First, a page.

Praise: For Love of Common Words

“Steve Scafidi's poem 'The Egg Suckers' made me laugh, fidget, and ponder my own path through this omnivorous world. It reminds us that things are constantly happening beneath our very feet, that a secret history is being forged that we'll never read about in the newspapers. Like Theodor Roethke, Scafidi describes a nature that is at least as nasty as it is nice and then lets us know that—oops!—we're on the menu, too. Re-reading 'The Egg Suckers,' I laughed again. And then I made breakfast.”

—David Kirby

“Scafidi’s poetry . . . musically and vividly reminds readers that creation is full of delights both large and small. It reminds us that life is short, that death is inevitable, and that the only mature responses to these hard facts are to be aware of beauty, meaning, pleasure, to take nothing for granted, to care deeply, and celebrate while we can. These are realizations that can quietly transform a life.”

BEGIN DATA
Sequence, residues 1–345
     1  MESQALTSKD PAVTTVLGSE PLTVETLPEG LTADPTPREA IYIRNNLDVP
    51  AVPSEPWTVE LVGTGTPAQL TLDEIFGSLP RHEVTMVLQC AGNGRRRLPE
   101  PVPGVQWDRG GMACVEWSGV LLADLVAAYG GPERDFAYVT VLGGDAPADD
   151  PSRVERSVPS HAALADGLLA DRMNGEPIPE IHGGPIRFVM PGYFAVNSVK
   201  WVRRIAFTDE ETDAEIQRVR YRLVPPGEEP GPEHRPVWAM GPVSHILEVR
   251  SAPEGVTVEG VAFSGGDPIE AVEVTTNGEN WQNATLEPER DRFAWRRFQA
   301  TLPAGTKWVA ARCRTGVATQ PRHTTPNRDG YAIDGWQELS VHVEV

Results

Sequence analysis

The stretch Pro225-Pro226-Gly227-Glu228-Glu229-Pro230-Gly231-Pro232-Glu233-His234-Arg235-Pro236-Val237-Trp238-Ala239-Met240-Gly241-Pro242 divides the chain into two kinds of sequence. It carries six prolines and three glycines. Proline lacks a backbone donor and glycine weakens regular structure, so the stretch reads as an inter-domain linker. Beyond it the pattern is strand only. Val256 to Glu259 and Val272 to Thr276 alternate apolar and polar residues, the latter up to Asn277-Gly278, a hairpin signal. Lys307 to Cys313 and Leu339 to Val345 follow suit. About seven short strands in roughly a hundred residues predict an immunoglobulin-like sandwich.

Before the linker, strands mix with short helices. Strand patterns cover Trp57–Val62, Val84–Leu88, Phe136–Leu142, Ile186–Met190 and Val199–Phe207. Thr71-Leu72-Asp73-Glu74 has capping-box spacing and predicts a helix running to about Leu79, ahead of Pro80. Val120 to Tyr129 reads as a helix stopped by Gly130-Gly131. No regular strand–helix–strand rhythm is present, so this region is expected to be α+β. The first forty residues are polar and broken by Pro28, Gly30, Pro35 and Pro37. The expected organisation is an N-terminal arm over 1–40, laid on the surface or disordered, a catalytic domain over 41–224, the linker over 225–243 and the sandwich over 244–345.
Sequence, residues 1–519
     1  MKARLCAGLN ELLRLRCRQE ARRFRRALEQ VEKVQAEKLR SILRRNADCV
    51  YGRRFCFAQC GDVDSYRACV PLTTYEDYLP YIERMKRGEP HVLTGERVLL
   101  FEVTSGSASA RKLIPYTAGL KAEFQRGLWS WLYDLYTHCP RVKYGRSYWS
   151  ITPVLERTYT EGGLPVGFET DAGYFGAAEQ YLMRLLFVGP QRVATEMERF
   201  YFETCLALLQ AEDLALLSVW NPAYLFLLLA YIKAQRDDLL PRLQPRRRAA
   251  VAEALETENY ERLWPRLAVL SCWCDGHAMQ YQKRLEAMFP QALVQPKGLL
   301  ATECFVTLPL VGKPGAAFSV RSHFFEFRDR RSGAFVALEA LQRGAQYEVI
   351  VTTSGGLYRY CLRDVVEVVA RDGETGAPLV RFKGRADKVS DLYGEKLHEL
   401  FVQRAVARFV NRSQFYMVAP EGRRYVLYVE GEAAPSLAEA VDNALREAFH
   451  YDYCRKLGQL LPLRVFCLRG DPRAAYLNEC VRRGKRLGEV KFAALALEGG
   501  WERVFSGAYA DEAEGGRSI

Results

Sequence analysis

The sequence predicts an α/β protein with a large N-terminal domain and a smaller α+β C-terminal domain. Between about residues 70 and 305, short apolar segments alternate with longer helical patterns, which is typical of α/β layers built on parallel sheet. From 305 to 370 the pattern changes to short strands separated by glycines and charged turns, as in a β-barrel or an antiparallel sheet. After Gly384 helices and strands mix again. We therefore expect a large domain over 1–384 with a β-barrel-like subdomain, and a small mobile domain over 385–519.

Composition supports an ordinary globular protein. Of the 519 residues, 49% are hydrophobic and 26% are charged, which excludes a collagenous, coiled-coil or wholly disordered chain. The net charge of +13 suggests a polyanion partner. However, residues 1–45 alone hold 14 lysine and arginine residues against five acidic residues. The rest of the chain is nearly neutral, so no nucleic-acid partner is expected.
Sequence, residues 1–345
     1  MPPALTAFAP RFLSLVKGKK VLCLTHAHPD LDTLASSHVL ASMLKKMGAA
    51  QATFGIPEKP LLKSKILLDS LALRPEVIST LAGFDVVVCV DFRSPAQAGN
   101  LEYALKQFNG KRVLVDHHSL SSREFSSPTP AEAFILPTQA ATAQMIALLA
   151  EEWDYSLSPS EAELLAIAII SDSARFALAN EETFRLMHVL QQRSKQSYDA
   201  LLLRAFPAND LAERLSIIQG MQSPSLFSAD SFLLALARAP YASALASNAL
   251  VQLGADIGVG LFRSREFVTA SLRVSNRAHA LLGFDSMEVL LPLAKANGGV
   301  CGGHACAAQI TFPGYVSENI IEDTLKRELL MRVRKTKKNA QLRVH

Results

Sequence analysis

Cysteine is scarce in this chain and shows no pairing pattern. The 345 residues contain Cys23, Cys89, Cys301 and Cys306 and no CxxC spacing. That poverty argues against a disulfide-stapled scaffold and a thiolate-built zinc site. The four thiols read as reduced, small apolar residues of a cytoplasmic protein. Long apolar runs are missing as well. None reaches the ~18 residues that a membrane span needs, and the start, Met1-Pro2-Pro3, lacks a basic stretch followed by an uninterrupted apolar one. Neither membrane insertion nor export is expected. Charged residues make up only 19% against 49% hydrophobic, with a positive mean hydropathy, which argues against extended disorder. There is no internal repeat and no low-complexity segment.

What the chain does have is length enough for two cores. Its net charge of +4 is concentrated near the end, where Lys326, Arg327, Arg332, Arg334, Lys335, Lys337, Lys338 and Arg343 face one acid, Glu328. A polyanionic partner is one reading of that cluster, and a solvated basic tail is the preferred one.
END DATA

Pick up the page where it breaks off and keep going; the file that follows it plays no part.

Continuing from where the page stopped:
—Jeff Mann, Appalachian Journal

“Scafidi deftly confronts both death and disaster in a manner that is as hilarious as it is serious. . . . In Scafidi’s universe, it’s all right to be a little off-center, because it is in the common, in the everyday that he finds dignity and communion.”

—Karla Huston, Library Journal

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